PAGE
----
Before the end of 2007 I personally spoke with Bragg about the Zephyr's interest in doing a detailed story on the end of year financial status of the city and he assured me that the city would be happy to accommodate us. What we had in mind was a summary of the state of the many city funds at year-end as compared to the previous year along with comparison of projected expenses and revenues beside actual expenses and revenues.

While I was willing to patiently wait for this information Zephyr editor Norm Winick, apparently less naēve than I, and submitted a freedom of information request for this financial data in mid-January only to have Osborn deny that request (as well as two subsequent official FOIA requests). Each request elicited the same response from Osborn. “...[S]ince the City uses modified accrual accounting, the balance sheet and fund balance report has not been completed for fiscal year 2007 since we are still waiting for information on both revenues and expenditures that pertain to fiscal year 2007. Providing you with the requested information at this point would require us to provide you with inaccurate information since the account balance amounts will changes when we receive the additional information.”

It was explained to Osborne that we would include any qualifying statement she wished to provide attesting to the preliminary nature of the data presented to no avail. In March after we had received the third rejection of our written request I spoke with Galesburg City Clerk Anita Carlton (in her capacity as city FOIA officer) about the procedure for lodging a formal complaint that Osborn was violating the Illinois Freedom of Information Act. I also informed Bragg that we were about to file the complaint and most probably follow up with the Illinois Attorney General's office. He told me that the necessary budget adjustments were almost complete and that the data we requested would be available before the end of March. March ended without our receiving the financial data but we were told that it would be provided during the first week of April..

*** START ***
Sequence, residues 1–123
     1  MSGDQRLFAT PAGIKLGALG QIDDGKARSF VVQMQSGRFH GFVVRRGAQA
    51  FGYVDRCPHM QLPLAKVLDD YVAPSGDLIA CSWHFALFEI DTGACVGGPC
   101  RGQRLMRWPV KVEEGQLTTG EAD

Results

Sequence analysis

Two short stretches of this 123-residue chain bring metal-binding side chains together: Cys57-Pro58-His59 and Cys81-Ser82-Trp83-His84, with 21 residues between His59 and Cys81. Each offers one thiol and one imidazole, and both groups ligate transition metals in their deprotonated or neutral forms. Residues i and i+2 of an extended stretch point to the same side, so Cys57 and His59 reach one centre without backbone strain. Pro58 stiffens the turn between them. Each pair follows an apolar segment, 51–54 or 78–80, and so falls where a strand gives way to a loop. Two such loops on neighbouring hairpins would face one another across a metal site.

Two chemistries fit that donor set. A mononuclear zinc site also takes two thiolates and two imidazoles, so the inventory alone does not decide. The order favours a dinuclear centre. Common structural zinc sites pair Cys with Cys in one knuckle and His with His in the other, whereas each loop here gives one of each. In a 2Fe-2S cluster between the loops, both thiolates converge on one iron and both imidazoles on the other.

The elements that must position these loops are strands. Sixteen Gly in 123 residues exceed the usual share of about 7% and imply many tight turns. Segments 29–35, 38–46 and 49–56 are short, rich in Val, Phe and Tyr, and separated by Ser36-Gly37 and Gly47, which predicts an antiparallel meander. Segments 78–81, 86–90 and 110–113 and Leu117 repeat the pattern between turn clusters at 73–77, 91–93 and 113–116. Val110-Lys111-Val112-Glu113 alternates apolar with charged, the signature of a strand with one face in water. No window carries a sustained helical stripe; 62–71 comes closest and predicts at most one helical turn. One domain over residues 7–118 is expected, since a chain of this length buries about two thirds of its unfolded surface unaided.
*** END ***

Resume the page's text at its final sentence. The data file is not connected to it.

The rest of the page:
We finally received our financial data from Osborn last week, 67 printed pages in total, listing General Leger balances line-by-line across the many various funds. We were buried in nearly useless data. What the report doesn't show are the annual summary data we requested. For example, we now know that the Sales Tax Receivable account stood at $815,460 at fiscal year-end but not the total of Sales Tax Revenue in 2007. Ditto for every other revenue or liability line. A line-item snapshot by itself without the context of summarized income or expenses as compared to budgeted or historical data is essentially useless for describing the city's financial condition.

How difficult would it be to make such a report available to either the public or city council members? Not very. The city has all financial entered into a computerized accounting system with the ability to generate reports almost instantly once said report is defined. For example, I sit as a member of the Galesburg Library Board that meets monthly. Before each meeting we receive a brief summary of the financial condition of the Library including comparisons to historical and budgeted amounts. This report is provided by, you guessed it, the city finance department. Admittedly, the Library is a fraction of the size or complexity of the entire city budget but I have little doubt that a similar brief report could be made available on a monthly basis covering the financial state of the city if the administration were willing to be so open.

There is no question that the financial challenges facing the City of Galesburg are significant but they become no less so by the reluctance of city officials to provide timely and useful financial information to either elected officials or the public at large. At this point it seems clear that everyone outside of the Galesburg finance department will just have to wait for the audited Comprehensive Annual Financial Report for 2007 to be released in June before we can begin examining on how the city fared financially last year.